“Legally Black”

“Legally Black”

By: Fontaine Wilson

I remember my senior year of high school, I had just received my acceptance letter to my #1 college choice. I was beyond excited and couldn’t wait to tell my parents. Then my mother let me know we couldn’t afford it. I was crushed. I had worked so hard in school, always on the honor roll, AP classes, and one of the top students in my class, only to be told, we can’t afford it. However, I was determined to find a way on my own, so I joined the United States Navy.

I was proud to be accepted into the Navy’s nuclear program, known as the most demanding academic program in the U.S. military, as a Nuclear Machinist Mate (Nuke). However, immediately after setting foot off the bus at boot camp, I was caught off guard by a racist “joke.” We were all lined up after exiting the bus and they were calling roll. They rattled off our names and rate. Then, the RDC (Navy Bootcamp Instructor) called out my name and rate. “Nuke?!… (he turns to the other instructor)…you ever heard of Legally Blonde? How about Legally Black!!!”

If you haven’t seen the movie, Legally Blonde, it’s a story about a sorority girl who attempts to win back her ex-boyfriend by getting into Harvard law school. His joke seemed to be an attempt to say it was ironic that I was a nuke because of my looks, race, or both. As if he was surprised that I was smart enough to be accepted.

Maybe because I was literally only 15 minutes into boot camp and this was my first impression of the Navy, but at that moment, I was so hurt and wondered what I had gotten myself into. I thought I made a big mistake. After roll call, we were able to call our parents back home to let them know we arrived at boot camp safe and sound. I had to fight back tears, still stung by the insensitive joke, and try to sound happy to my parents so they wouldn’t worry. That feeling of being singled out, not belonging, or just being different kind of stayed with me. After the Navy, I studied Petroleum engineering at the University of Houston.

As an African American veteran, I rarely see anyone that looks like me. Being a nuclear machinist mate in the Navy and being a petroleum engineer major in college were very similar in that regard. I was always the only African American female in my classes or in my Navy division. It feels isolating at times, but what I have learned is to use it to my advantage.

There will be those who point you out and question if you should be there. However, use it as an opportunity to bring a different prospective to the group. I know that I have something to offer and that my unique prospective is valuable. I also know that my presence in the room will open the door for other minorities. My story is not unique. Many others have had to bear the unfair burden of being the representative for an entire group of people. But these stories should be heard.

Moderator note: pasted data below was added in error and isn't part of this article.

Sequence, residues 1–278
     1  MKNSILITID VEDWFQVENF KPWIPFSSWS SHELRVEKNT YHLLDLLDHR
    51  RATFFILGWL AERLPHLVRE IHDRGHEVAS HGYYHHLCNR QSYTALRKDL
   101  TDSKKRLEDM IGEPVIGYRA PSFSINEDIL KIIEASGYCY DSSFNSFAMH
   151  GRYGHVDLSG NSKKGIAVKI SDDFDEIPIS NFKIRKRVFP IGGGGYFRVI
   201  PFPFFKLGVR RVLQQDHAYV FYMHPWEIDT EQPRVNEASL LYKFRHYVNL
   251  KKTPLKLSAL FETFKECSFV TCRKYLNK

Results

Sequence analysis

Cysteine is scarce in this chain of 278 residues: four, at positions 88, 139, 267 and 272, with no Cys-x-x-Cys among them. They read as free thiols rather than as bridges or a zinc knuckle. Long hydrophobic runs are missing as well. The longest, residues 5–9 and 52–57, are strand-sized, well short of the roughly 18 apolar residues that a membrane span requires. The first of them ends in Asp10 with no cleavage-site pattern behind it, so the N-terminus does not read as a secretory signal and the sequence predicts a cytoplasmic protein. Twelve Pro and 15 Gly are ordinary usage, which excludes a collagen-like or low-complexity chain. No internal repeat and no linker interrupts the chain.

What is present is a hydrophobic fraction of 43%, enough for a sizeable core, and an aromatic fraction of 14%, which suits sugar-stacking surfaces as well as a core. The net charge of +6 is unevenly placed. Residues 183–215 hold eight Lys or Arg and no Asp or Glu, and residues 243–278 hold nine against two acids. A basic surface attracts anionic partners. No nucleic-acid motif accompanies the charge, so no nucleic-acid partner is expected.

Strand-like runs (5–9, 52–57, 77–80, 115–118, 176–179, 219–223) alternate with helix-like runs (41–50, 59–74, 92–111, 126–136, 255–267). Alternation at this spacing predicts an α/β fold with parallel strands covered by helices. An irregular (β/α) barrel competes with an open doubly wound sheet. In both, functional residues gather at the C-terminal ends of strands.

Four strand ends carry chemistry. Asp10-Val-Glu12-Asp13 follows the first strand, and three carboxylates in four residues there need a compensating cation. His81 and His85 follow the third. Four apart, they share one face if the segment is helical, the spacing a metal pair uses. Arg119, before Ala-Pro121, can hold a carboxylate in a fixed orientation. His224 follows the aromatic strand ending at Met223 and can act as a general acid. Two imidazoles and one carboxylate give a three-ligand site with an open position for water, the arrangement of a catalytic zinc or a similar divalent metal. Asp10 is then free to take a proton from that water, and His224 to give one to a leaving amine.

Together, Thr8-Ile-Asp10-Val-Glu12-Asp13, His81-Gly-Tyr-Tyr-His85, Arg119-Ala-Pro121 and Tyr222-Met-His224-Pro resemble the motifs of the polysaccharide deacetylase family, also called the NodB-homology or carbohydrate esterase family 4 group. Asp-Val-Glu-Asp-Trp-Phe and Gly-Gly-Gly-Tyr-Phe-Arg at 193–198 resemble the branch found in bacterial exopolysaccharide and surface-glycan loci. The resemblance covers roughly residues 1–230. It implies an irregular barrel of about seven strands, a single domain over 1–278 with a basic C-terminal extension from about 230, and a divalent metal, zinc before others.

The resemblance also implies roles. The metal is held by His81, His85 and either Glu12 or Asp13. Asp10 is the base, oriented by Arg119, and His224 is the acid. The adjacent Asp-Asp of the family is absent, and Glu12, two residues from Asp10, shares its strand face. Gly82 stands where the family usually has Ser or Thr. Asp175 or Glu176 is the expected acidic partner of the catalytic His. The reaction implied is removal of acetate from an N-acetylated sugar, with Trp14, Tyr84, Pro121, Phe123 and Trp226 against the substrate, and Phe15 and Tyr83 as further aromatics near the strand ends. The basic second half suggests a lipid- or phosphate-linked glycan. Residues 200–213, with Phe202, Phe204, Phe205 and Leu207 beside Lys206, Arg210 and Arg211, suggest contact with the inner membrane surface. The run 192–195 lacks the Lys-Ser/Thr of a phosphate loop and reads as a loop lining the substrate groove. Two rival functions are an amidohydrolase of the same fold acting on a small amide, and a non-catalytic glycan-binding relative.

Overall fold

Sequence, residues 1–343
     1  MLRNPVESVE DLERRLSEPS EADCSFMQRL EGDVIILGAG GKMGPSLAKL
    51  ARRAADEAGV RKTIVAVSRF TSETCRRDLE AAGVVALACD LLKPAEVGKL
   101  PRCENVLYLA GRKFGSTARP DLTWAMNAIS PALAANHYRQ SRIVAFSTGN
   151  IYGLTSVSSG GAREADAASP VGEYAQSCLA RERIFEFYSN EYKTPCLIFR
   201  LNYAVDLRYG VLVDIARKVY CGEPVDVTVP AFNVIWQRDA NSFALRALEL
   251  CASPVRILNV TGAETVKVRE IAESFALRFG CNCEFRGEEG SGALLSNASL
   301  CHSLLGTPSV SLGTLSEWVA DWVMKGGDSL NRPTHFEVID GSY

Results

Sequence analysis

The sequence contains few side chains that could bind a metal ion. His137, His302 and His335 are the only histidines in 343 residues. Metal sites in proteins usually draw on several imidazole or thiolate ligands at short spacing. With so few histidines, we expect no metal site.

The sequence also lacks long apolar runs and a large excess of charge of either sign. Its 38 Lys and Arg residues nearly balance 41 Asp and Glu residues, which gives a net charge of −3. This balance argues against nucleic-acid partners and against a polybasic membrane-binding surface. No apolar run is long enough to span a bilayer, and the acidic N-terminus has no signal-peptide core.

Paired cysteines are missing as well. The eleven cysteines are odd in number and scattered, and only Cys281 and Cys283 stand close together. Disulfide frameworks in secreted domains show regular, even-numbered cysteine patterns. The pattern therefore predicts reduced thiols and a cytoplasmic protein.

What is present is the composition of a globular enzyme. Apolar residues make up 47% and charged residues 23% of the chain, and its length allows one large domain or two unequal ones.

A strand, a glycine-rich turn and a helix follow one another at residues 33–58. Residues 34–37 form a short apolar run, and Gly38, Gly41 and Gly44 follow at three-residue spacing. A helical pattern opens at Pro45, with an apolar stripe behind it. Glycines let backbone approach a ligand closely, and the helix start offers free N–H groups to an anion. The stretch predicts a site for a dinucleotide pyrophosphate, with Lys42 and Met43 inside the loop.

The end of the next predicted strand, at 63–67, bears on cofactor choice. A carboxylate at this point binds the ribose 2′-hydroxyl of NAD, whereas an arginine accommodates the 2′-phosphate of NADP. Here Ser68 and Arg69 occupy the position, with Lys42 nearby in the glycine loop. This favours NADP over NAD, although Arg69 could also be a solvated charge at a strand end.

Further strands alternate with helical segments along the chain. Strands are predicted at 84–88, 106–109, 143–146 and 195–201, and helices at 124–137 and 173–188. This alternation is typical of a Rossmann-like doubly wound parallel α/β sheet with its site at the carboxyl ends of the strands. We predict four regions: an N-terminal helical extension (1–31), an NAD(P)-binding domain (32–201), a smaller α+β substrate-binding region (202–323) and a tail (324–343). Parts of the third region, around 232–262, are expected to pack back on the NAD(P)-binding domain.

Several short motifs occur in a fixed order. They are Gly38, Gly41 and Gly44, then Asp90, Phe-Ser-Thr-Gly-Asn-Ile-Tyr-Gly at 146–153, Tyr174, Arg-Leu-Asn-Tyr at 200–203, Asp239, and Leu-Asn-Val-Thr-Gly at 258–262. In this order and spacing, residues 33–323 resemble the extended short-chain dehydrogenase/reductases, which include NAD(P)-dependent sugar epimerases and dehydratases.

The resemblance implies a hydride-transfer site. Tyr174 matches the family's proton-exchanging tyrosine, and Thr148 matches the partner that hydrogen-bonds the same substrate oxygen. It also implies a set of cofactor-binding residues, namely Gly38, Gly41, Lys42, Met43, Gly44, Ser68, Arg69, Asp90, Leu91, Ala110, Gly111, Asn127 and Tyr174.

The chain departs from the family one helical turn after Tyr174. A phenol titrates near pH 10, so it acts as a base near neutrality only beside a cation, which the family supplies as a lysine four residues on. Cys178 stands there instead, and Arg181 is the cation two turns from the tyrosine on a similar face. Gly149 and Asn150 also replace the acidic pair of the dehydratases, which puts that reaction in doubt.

Through Minority Veterans of America, we can have a bigger reach by sharing these stories. I want to motivate the next generation of minority veterans and inspire young minorities to take on challenging careers in order to increase diversity in the future. I also want to encourage those who have already served and let them know they weren’t alone. We share similar goals, dreams, insecurities, and setbacks. Together, we can create a more inclusive culture. Yes we are different, but we belong!


Fontaine Wilson is currently a Valve Technology Engineer at MRC Global. She served six years in the United States Navy onboard the USS Theodore Roosevelt (CVN-71) and received her bachelor’s degree in Petroleum Engineering from the University of Houston.

Fontaine believes our military veterans are tomorrow’s most influential leaders. She has served these future innovators as cofounder of Student Veterans of America-UH chapter and as chapter president from 2015-2016. Under her leadership, the UH chapter became a finalist in the 2015 SVA Business Plan Competition and was recognized as the 2015 SVA Chapter of the Year.

Fontaine now serves as a member of the Board of Directors at Student Veterans of America. She currently resides in Houston, TX and can be contacted at www.linkedin.com/in/fontainew.


4 Replies to ““Legally Black””

  • I am so glad you didn’t give up, and never allowed them to think that they got the best of you. But you stood in spite of the criticism, and rose and succeded
    in what you set out to do, letting other minority know goals are attainable. I am so proud of you my daughter.

  • Wow Fontaine!!!! Thank you so much for sharing your story. You are truly an INSPIRATION and a ROLE MODEL!! God has great plans for you. Keep moving forward Fontaine. Blessings!

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